Controls for location and signage of Chch brothels
Tuesday 16 December 2003
Controls recommended for location and signage of Chch brothels
New rules are needed to regulate the location of brothels and control signs relating to sexual services, according to the Christchurch City Council’s Prostitution Reform Act Subcommittee.
At this Friday’s (19 December) Council meeting, the Subcommittee will recommend that new bylaws be introduced, limiting the location of Christchurch brothels to certain parts of the central city, with restrictions on their signage.
The Subcommittee will advise that brothels be permitted in most parts of the Central Business District except for the area between Hereford Street and Gloucester St including Worcester St and Cathedral Square.
“If we limited the location of brothels to a small area of the central city, we would create a very visible red light district. We want our city to be a place where you can take your family anywhere and feel good,” Cr Wells said. “Brothels would not be allowed along Worcester St because it is the city’s heritage precinct and where the Cathedral sits. Cathedral Square is the city’s living room – its most important public space.”
Suggested restrictions on signage include only one sign per premises, no flashing lights visible from the street, no pictorial images and no sandwich-board style advertisements. Signs advertising brothels and sexual services would only be permitted in areas where brothels were permitted.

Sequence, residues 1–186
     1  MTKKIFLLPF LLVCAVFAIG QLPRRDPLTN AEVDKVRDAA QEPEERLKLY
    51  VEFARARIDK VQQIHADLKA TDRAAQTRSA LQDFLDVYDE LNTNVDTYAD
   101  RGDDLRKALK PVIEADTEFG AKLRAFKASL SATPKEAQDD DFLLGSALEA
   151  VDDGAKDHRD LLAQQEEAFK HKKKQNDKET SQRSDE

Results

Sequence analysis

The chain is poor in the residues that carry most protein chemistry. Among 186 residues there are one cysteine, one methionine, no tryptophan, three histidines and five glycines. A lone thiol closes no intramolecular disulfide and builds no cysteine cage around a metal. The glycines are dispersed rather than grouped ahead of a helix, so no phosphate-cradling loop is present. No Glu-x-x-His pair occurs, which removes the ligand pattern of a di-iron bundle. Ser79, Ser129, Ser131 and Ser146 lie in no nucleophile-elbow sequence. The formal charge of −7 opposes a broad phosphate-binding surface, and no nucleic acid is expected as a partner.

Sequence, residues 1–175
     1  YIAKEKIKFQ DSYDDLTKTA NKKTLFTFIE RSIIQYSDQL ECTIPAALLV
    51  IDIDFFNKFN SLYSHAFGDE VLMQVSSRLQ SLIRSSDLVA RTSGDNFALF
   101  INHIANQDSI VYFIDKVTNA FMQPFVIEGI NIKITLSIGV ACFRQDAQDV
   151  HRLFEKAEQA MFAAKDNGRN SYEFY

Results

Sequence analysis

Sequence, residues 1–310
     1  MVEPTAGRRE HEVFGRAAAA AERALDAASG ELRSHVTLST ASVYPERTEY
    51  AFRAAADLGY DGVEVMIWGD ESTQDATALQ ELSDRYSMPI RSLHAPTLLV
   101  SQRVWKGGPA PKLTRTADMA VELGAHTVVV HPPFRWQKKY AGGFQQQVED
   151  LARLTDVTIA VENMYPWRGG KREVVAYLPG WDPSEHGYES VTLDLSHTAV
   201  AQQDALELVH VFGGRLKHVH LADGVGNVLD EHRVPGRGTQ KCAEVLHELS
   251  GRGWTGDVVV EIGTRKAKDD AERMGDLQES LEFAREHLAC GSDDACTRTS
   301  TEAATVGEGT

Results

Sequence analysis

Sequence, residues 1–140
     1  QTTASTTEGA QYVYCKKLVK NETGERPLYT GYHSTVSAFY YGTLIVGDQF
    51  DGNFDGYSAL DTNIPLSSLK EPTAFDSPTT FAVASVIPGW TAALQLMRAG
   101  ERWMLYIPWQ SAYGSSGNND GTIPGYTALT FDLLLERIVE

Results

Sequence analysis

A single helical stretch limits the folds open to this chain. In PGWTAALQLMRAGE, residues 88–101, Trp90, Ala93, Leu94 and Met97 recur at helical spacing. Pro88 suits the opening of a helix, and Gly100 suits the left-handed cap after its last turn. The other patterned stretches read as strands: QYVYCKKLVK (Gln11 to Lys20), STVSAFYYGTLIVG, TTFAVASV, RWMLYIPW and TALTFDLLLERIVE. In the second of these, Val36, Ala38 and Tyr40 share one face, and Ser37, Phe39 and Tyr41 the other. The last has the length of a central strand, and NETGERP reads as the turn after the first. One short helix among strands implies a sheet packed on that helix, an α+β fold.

Any new bylaws introduced by the Council would not affect street workers. The Prostitution Reform Act only gave Councils new powers to address the location and signage of brothels. “We are going to have a look at other ways of dealing with perceived problems but it is not entirely within the Council’s sphere of influence,” Cr Wells said.
Similarly, prostitutes who work from home would not be affected by the proposed new bylaws unless they wanted to advertise their services using signage.
To reach its recommendations, the Prostitution Reform Act Subcommittee consulted with the public and learned about the local sex industry by talking to prostitutes, owners of prostitution businesses, Community and Public Health workers, and the Police.
Before implementing any new bylaws the Council would need to consult again with the public and key stakeholders. If the Council agrees to the bylaw process, a draft bylaw is likely to be available for public consultation in March next year. A bylaw would not be implemented before May 2004.
Any brothels established before a bylaw was introduced would have to comply with the new bylaw requirements.
When the Prostitution Reform Act was introduced on 28 June 2003, a number of activities became lawful that were previously unlawful, including keeping a brothel; living on the earnings of prostitution; procuring a person for prostitution; and soliciting for the purposes of prostitution. Councils were given two new powers to regulate the location of brothels and advertising of sexual services.
Under the new Act, the District Court is responsible for issuing brothel operators certificates. Community and Public Health inspectors have the power to enter and inspect a prostitution business in relation to health and safety matters. The Police are responsible for enforcing the Act’s new operator certificates for brothel owners and prosecuting people buying sexual services from prostitutes, younger than 18 years of age.